TaylorMade 2¢

5 Major Mistakes to Avoid When Planning an Event

There are a million details involved with planning an event—from booking the venue in advance to sending thank-you notes to your guests. However, with so many moving pieces to manage, it’s easy to overlook a few crucial details.

Specifically, there are five major—yet easily avoidable—mistakes you could make during your next event. Making these mistakes could cost you attendee engagement, exposure and awareness, donations, or ROI.

If you want your next event to be a smashing success, then you’ll want to prevent the following mistakes from ever happening:

Not including a testimonial

For non-profits, you must have someone who has benefited from your program speak at your event; donors love to see what their money is going towards!

One of our clients, the National Guard Youth Foundation (NGYF), uses testimonials to show donors how their program helps high school dropouts get back on their feet, increase their skills, get their GED, and change their lives for the better.

For corporate events, invite a customer to speak about how a new product or service impacted their life for the better. Planning an external party, discuss the benefits of the product is much more enticing to attendees than listening to an employee’s subjective opinion.

Extra long speeches

Long speeches bring the momentum of any event to a screeching halt. Avoid this by discussing speech length with your speakers and offer to give them cues when they’ve reached a certain minute mark.

A long, cumbersome program

Another way to slow an event’s momentum is if the audience is barraged with a long program.  It can be cumbersome for attendees to sit through several speeches, an awards ceremony, and live entertainment, only to be followed by an auction. Be mindful when planning your program of length to avoid losing the attention of the crowd.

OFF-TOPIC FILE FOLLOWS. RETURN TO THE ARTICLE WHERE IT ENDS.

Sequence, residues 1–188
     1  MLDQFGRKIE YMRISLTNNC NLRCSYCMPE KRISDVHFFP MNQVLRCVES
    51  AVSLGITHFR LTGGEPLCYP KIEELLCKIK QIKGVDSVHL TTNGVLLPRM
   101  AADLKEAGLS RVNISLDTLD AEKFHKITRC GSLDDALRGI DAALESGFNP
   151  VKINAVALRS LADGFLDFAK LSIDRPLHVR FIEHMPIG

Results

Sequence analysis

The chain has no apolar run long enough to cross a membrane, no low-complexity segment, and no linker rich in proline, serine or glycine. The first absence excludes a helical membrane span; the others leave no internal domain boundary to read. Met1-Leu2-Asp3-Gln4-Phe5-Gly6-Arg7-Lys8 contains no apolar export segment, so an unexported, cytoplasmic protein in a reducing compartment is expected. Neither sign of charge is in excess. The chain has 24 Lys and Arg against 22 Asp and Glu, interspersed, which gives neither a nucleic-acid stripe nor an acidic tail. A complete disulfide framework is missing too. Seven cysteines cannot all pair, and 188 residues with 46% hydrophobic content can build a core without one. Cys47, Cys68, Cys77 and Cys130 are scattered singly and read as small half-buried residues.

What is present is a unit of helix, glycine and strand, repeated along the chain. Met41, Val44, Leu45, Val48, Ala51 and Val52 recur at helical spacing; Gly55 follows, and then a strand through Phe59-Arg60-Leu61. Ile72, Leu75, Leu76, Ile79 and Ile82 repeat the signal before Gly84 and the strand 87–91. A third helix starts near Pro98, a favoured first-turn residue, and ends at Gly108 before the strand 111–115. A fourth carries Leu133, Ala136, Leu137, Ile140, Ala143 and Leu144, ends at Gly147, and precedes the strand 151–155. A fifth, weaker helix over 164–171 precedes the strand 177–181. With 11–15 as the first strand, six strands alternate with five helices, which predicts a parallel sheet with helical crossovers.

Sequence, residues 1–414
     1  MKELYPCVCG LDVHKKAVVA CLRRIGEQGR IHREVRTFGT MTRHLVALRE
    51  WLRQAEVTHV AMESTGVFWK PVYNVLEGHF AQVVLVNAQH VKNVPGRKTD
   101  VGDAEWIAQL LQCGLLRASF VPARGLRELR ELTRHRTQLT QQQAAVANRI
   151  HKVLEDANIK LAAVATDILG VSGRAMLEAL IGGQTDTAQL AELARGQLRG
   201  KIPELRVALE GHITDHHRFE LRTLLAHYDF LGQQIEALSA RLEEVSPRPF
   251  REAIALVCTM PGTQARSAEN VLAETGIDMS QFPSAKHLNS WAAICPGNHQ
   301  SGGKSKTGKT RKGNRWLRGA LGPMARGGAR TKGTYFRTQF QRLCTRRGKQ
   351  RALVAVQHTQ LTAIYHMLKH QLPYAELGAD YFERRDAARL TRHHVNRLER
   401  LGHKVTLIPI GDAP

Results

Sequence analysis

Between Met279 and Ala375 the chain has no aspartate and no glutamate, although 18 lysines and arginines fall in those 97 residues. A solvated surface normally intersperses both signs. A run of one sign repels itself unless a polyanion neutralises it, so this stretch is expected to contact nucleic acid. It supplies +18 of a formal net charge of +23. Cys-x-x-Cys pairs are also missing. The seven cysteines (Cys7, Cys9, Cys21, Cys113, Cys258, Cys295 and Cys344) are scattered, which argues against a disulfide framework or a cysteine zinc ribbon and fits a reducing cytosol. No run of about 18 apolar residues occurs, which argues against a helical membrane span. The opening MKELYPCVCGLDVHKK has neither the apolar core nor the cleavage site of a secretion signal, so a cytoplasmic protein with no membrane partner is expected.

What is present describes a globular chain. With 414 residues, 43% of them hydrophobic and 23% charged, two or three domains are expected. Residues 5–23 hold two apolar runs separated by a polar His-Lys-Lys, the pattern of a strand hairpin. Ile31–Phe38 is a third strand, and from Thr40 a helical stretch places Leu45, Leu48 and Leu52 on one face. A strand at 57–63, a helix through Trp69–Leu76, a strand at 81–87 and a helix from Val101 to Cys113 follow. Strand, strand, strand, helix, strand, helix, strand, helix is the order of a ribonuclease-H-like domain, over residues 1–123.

No social media presence

Far too many organizations overlook having a social media presence—a big mistake! You should always offer an event hashtag and have someone on your team interacting with users throughout the event. This will allow attendees to continue the conversation and networking online long after the event ends, but it will benefit you, too. You can monitor the hashtag’s usage to see who was actively engaged in the event and use this information to add to the building of your Golden Rolodex to use for the following year.

Having the wrong speaker for the audience

Organizations often assume that having a big name celebrity speak at their event will draw huge crowds and lots of donations or ROI. In our experience, however, we noticed that this is not necessarily the case. While celeb speakers may draw big crowds in the DC area, they might not peak as much interest in areas like Los Angeles or New York City.

Remember, it’s not so much about who you can get to speak to your audience; it’s about who your audience would prefer to see. Put yourself in their shoes and try to figure out the type of entertainment that would excite them.

Providing attendees with a fun and enjoyable experience at your event is a sure-fire way to increase donations, boost profits, and get everyone engaged in your company and its mission. If you need help along the way, let us know!

No Comments
Post a Comment

60

Years Combined Experience

10

In-Kind Donations Procured

50

Sponsorship & Fundraising Calls Over Last 12 Years

500

Corporations Researched for Fundraising Opportunities